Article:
Criminal Intentions, S1E1: The Cardigans (queer detectives & murder? sign me up!) — Cole McCade

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TITLE: Criminal Intentions, S1E1: The Cardigans
AUTHOR: Cole McCade
GENRE: Romance/Mystery
AGE RANGE: Adult

SYNOPSIS:
When a string of young queer men turn up dead in grisly murders, all signs point to the ex-boyfriend—but what should be an open-and-shut case is fraught with tension when BPD homicide detective Malcolm Khalaji joins up with a partner he never wanted. Rigid, ice-cold, and a stickler for the rules, Seong-Jae Yoon is a watchful presence whose obstinacy and unpredictability constantly remind Malcolm why he prefers to work alone. Seong-Jae may be stunningly attractive, a man who moves like a graceful, lethal bird of prey…but he’s as impossible to decipher as this case. And if Malcolm doesn’t find the key to unravel both in time, another vulnerable young victim may end up dead.

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He carried too many of those cases inside him. Too many dead ends, too many losses.

Having read one of Cole McCade’s stand-alones (a few times) and having adored it, I was way overdue on starting this series. Now that season 1 is going to be ending this summer, I figured it was a good enough reason to binge these books, and now, after just one installment, I’m kicking myself for not devouring every single episode as soon as it released. Cole is such an incredible storyteller with the most lovable characters you’ll ever meet, and the tension? Off the charts.

Even if he was broad-shouldered and thick-set, he still had that look: A lean and starving wolf, haggard, elegantly feral, with eyes edged by a sharp, cutting hunger.

The fascinating thing about the Criminal Intentions series is the way it defies being boxed into a single genre. On one hand, we’re following a couple of detectives who are seeking out the killer of queer college kids — so, it’s a murder mystery, in part — yet on the other hand, the sexual tension and simmering slow-burn of these swoon-worthy, incredible, complex characters lands it solidly in the romance category, too. I’m rambling, but my point is, whether you love both of these genres, just one, or even neither, I feel confident that you’d be hard-pressed not to find something to love in this book. (Or, maybe you’ll be lucky and, like me, you’ll just love all of it.)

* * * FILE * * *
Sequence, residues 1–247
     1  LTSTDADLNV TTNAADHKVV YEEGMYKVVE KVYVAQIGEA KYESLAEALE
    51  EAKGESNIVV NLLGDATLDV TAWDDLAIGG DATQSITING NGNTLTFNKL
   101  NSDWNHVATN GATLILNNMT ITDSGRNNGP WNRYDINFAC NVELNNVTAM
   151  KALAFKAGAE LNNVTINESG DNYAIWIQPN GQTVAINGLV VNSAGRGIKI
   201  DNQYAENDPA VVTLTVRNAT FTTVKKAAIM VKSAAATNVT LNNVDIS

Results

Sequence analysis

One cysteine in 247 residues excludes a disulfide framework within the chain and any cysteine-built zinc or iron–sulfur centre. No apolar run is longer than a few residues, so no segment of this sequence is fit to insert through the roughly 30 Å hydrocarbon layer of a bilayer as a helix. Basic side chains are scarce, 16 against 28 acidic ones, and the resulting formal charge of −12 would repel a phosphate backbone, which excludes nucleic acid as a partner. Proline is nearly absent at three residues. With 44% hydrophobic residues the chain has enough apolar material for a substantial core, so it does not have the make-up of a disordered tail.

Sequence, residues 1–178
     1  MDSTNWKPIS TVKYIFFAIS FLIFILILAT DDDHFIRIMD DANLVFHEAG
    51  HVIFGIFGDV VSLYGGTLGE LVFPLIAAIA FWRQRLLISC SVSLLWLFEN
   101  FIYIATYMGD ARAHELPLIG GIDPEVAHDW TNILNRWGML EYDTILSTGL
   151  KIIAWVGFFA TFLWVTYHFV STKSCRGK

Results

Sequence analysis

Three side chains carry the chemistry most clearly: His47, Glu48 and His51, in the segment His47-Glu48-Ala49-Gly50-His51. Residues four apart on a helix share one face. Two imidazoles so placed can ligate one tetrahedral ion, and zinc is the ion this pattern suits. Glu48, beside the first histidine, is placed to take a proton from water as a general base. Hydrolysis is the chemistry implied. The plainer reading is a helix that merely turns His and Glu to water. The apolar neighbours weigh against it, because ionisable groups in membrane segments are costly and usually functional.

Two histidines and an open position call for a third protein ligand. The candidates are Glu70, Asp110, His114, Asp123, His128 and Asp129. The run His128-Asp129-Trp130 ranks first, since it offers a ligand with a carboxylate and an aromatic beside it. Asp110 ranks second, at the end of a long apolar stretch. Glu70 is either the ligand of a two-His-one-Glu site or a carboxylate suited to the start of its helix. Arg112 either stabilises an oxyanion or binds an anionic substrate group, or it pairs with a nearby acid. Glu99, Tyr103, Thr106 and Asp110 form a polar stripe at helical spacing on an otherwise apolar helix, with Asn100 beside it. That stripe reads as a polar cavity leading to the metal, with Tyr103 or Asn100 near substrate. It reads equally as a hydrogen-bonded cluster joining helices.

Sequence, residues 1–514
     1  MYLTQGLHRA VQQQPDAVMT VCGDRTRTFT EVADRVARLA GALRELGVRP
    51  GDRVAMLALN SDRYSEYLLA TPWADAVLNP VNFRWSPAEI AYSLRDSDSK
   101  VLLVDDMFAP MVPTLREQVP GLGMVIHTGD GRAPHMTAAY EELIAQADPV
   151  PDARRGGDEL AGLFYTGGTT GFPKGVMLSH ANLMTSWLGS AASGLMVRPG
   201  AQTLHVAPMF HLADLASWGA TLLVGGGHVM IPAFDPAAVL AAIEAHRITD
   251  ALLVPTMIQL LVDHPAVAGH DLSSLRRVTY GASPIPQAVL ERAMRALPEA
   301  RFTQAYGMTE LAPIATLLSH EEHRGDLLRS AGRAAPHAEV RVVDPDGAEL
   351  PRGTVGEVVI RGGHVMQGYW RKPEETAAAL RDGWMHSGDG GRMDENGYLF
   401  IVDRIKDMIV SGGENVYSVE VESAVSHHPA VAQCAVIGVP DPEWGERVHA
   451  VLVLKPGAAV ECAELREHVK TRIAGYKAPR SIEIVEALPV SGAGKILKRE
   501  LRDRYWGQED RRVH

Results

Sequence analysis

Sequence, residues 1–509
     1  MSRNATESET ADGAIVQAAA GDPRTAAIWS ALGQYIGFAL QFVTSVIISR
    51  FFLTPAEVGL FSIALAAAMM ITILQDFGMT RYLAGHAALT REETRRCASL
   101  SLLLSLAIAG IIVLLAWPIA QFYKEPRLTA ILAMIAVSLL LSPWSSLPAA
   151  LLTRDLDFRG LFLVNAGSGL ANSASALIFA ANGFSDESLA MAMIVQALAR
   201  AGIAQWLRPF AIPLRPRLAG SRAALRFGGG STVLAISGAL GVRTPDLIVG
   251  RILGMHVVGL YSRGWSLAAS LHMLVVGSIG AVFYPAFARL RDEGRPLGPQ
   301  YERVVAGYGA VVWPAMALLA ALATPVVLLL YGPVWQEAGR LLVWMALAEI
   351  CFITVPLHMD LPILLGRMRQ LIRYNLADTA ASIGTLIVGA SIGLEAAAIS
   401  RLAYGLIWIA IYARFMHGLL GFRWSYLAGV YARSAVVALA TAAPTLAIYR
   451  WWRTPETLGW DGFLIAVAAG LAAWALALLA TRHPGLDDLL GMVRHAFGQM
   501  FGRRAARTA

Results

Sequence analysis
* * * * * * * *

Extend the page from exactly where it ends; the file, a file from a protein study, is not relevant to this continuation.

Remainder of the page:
He was probably seeing things that weren’t there. Seeing old haunts. Old shades. Old memories best left buried.

To do this review justice, though, I should probably tell you why I’m gushing so much. First, Cole’s narrative voice is literally one of my favorites of all time. I’m not exaggerating in the slightest — this lovely human could write 800-page doorstoppers about grocery shopping and I’d give every single one five stars, just because his general way of describing characters, scenes, and dialogue is flawless.

There was a certain hypnotic quality to Khalaji’s voice, Seong-Jae realized. Calming and steady, like being lulled to sleep by the rhythm of a great guarding beast’s snarling breaths.

Second, Cole writes the most lovable damn characters. It’s like every time a new character is introduced, I’m immediately head over heels for them. Speaking of those characters, the representation is to die for. We live in a world full of people from so many walks of life, so many sexualities and identities and races and backgrounds, and he writes each and every one with so much genuine care and empathy and love that it’s impossible not to cherish every little detail. Malcolm is Persian-American-Mizrahi-Jewish and bi, and Seong-Jae is gay, demi-gray-ace, and Korean-American, for starters.

Homicide detectives weren’t dealers in justice. They were peddlers of grief.

Even with the running theme of queer college kids being the victims in this book, there’s so much time dedicated to discussing how tired those of us in the community are of watching each other pass, and how desperately we deserve happy endings. It’s heart-breaking, but so eloquently crafted. It doesn’t hurt that Malcolm and Seong-Jae are both queer men, so we’re seeing this all through the eyes of detectives who understand how deep this pain runs.

What are you running from, old wolf? Are you afraid Little Red Riding Hood will catch you?

I could honestly spend days gushing about this book, but frankly, this is the point where you should close this page, navigate your browser directly to your retailer of choice, and buy this damn book (or request it from your library!). Now, if you’ll excuse me, I have a series to continue reading. ♥

Content warnings for murder, gore, body horror

5stars

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Just a 26-year-old children's librarian trying to juggle motherhood, grad school, blogging, gaming, and everyday life.

2 thoughts on “Criminal Intentions, S1E1: The Cardigans (queer detectives & murder? sign me up!) — Cole McCade

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